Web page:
Monday, May 3, 2010

6 Investment Alternatives That Are Within Your Budget (Part 1)

Dear Investor Juan

Dear Investor Juan,

Hi there, I’ve been reading your blog for quite some time and I find it very interesting. I just want to ask, if you only have about 100,000 pesos, where would you invest it?


Hi Alex!

Regardless of the amount that you’re planning to invest, the best investment vehicle for you depends on factors like your investment objective (are you looking for long-run growth or periodic income?), risk appetite (are you risk averse or risk seeking?), and investment horizon (are you investing in the short or long term?). I will discuss these factors in greater detail in a future post, but for now, I’ll just give you a list of some of the most readily available investment instruments which generally yield better than bank savings deposits and are within your budget. Items in the list are arranged from lowest to highest risk.

1. Treasury securities

Treasury or government securities are debt instruments issued by the government to the investing public; because there’s zero chance that the government will default, they are also referred to as risk-free securities. The three main flavors of treasury securities are Treasury bills (T-bills), Treasury bonds and Retail Treasury bonds; these types generally differ in terms of tenor or investment duration (from 91 days for T-bills to 25 years for Treasury bonds), annual interest (from 4% for T-bills and up to around 10% for Treasury bonds), and denomination (from 5,000 pesos for Retail Treasuries to 500,000 for both T-bills and Treasury bonds). Most banks are authorized by the government regulators to issue and trade the securities; for example, Banco de Oro offers all flavors within your budget of 100,000 (you can just visit the company’s website for details).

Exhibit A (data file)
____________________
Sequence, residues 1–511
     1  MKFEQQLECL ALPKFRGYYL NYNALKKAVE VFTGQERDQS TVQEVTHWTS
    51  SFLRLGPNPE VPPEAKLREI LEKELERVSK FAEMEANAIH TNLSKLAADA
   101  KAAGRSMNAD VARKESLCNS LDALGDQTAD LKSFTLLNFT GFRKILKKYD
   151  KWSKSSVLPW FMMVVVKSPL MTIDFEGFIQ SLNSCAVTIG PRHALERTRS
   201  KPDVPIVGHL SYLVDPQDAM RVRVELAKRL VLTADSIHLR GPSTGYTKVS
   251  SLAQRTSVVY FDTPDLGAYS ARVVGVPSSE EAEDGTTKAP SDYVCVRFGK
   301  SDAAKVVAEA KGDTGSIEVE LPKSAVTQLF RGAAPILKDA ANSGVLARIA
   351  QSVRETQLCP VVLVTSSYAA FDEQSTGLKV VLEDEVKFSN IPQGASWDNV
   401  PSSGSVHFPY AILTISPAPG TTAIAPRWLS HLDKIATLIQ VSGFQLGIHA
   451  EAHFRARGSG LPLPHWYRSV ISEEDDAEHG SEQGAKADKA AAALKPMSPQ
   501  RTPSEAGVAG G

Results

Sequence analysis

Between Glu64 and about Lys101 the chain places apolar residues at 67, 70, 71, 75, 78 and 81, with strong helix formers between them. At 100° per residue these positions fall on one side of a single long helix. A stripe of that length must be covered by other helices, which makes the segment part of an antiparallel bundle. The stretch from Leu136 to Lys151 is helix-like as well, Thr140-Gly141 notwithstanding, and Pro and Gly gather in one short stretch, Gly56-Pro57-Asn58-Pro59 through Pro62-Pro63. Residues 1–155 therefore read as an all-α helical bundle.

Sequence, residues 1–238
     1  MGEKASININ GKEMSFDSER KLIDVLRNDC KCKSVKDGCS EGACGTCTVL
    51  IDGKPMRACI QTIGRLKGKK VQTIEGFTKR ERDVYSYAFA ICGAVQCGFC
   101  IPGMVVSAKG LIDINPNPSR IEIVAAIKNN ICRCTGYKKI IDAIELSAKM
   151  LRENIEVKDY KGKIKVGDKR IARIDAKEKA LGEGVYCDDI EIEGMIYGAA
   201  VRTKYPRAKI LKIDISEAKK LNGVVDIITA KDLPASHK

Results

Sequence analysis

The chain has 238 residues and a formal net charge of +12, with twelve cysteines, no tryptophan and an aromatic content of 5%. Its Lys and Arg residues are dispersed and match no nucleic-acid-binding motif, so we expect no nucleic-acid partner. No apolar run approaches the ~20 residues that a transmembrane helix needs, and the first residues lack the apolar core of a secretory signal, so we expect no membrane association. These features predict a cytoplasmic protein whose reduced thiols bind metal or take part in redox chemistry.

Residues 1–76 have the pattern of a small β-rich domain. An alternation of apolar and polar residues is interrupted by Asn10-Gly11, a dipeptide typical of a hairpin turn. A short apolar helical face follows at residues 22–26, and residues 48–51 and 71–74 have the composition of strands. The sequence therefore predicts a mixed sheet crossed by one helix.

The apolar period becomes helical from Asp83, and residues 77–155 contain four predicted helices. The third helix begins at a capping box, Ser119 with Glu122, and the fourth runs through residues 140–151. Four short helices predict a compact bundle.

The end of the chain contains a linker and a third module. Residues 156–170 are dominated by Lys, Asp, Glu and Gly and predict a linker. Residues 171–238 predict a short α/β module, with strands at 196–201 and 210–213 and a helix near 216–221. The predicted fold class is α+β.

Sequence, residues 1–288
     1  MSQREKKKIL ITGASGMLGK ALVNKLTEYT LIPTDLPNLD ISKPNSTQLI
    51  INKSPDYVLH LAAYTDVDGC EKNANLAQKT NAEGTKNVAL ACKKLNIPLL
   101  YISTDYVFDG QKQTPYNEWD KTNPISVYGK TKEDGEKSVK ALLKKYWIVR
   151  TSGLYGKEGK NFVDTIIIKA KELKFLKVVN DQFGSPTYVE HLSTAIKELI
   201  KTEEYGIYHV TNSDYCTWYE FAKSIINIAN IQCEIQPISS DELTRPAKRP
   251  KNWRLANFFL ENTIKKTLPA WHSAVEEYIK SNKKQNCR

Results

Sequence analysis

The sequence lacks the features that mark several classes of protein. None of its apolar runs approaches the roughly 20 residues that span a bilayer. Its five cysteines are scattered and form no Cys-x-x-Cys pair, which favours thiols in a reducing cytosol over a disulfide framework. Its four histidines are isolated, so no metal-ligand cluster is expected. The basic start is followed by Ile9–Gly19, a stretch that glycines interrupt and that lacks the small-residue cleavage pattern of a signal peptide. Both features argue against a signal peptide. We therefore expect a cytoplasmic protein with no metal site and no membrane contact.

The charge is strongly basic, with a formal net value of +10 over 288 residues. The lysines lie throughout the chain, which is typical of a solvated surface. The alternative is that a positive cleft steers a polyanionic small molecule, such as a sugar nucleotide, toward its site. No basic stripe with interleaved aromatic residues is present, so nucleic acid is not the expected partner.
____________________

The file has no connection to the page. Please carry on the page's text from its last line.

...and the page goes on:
2. Bank time deposits

Bank time deposits provide better yields than savings deposits but not by much. For 100,000 pesos, annual interest ranges from 2% to 2.7% for most banks, depending on the tenor (7 days to one year). Personally, it does not make a lot of sense to invest in time deposits, especially since all of us have access to less risky Treasury securities that offer better returns.

3. Corporate bonds

Corporate bonds are long-term debt issued by corporations and can be traded publicly. Bondholders receive periodic coupon payments (semi-annually or annually, based on a typically fixed coupon interest rate) and the original investment or par value at the bond’s maturity date (usually 7 years or more from the date of issue). Corporate bonds are considered riskier than government securities since there’s always a chance that the issuing corporation will default on the debt, but at the same time bonds are less risky than stocks since the issuing company is obliged to pay bond interest at the risk of incurring heavy penalty charges when it defaults. Local corporate bond issues are underwritten (facilitated) by most local banks and are sometimes available at affordable denominations (as low as 10,000 pesos). Coupon rates range anywhere from 7% to 10% per year, depending on the credit rating of the issuing company and interest rate levels at the time of the issue, among other things.

Click here for Part 2.
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